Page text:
October 2, 2010
What’s Cooking in the Foothills 600 Years Ago?
Native Americans and Our Local Native Plants
Presented by Mary Gorden*
Starts at 2 pm at the Three Rivers Arts Center.
Turn left on North Fork Drive, from Hwy 198.
Arts Center is first building on the left.
Have you ever wondered if you could survive without all the comforts you now enjoy? It is hard to imagine what life was like many years ago. Six hundred years ago the people in the Sierra Nevada Mountains and foothills lived a comfortable life. Historic evidence indicates that hunter-gatherers did about everything that farmers do. They probably didn’t work as hard.
At this time the locals were tribes who each spoke a dialect of the Yokuts language and lived in the foothills of the Sierra Nevada. Their neighbors, the Monache, who lived higher in the mountains, were a cultural mix of Shoshone-Piute and Yokuts speakers. We will take a brief glimpse at their technology and lifestyle as recorded by ethnographers at the end of the 19th and early 20th centuries.
Their technology was sophisticated and complex. The women’s skillful weaving ranks them among the best basket makers in the world. Their knowledge of plants was extensive and is useful to us today because native plants are better suited to our environment.
In 1918 C. H. Merriam, a biologist, stated that everyone should be eating acorn because of its high nutritive value. John Muir often carried acorn bread on his tramps through the mountains because it was the most compact and nutritious food he had ever eaten. Besides acorns, the natives ate a wide variety of plant foods. We will look at how women prepared and stored plant foods and medicines.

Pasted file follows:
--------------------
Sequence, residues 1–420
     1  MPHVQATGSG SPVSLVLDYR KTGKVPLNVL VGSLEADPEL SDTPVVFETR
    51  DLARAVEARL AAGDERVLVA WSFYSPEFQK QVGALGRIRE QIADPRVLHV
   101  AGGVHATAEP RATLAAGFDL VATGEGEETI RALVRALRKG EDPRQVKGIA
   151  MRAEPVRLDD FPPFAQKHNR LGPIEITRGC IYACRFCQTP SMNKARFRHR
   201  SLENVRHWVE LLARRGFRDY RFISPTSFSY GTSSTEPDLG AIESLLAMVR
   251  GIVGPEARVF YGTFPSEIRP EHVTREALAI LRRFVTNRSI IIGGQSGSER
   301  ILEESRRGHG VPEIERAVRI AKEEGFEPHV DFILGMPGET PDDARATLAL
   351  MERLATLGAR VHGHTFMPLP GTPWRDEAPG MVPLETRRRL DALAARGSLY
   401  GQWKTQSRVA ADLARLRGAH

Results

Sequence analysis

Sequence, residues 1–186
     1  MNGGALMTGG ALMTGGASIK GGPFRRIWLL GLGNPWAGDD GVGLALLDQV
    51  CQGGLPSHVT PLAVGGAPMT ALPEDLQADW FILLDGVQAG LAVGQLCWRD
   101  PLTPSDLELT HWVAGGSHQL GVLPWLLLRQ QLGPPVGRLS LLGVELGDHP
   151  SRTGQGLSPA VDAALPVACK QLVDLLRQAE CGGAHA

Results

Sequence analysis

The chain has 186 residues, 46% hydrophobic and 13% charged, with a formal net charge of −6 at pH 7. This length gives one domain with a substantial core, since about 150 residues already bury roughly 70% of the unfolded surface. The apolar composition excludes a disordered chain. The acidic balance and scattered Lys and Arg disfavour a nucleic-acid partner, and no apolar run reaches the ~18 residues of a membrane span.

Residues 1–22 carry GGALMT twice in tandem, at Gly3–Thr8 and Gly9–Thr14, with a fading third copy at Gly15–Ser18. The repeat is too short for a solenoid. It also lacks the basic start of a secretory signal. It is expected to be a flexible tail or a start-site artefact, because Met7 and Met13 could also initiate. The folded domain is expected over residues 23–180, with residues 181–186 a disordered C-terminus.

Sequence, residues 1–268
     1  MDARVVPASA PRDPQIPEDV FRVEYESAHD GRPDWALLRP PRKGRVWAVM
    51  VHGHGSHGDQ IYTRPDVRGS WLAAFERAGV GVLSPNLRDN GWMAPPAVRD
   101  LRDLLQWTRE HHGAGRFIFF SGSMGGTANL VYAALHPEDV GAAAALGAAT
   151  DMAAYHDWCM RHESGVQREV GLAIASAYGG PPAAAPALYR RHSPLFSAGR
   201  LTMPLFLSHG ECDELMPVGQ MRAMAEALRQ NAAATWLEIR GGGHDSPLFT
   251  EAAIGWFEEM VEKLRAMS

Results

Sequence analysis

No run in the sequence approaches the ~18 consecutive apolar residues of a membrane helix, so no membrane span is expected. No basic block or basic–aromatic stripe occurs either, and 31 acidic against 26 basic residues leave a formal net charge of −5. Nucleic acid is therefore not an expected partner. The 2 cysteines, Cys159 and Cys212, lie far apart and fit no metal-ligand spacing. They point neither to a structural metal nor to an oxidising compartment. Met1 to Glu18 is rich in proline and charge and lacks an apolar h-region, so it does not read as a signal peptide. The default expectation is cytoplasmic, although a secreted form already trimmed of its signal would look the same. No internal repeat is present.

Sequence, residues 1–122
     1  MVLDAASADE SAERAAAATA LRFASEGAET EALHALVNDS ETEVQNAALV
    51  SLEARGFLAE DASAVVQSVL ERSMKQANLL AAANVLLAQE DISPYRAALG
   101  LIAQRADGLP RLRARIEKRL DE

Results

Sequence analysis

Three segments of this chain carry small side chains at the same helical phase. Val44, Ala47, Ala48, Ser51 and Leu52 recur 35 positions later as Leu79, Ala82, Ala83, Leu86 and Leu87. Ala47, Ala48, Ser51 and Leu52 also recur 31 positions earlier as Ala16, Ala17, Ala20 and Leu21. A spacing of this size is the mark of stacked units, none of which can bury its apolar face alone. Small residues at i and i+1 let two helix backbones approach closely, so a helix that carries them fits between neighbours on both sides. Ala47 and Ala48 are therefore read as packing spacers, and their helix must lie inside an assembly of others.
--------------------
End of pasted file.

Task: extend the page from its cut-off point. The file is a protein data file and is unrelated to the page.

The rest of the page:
In addition, we will calculate the amount of plant material it would take to make a house, baby cradles and other items. While we cannot return to a hunter-gather way of life, we can appreciate the knowledge, ingenuity and technical skill that the Native Americans in the foothills and mountains displayed.
*Speaker, Mary Gorden is a retired teacher who taught elementary and high school, in addition to college classes for teachers in history and archaeology. The class on Native Plants and Their Uses was the product of her research of early ethnographers in the San Joaquin Valley who recorded the culture of the Native Americans. Mary also worked as an archaeological assistant for the California Department of Forestry and Fire Protection. She is particularly interested in San Joaquin Valley Yokuts’ cultures and the conservation of historic and prehistoric sites in the Sierra Nevada Mountains and foothills. One project was the restoration of one of Shorty Lovelace’s cabins in the Sierra National Forest.
Mary has been active in volunteer site monitoring and recording in conjunction with the South Sierra Archaeology Society. She has served three terms on the Bureau of Land Management Regional Resource Advisory Committee as the representative for historical and archaeological interests. She is a recipient of the President’s award for volunteer contributions to the Bureau of Land Management. She is active in the Tulare County Citizens for Responsible Growth.
This program is held in conjunction with the Green Faire, part of the Three Rivers Environmental Weekend.
Deborah Small’s ethnobotany blog.
Grinding rose petals and rose hips to make a tea, from article about Native Plants for Food and Medicine Class.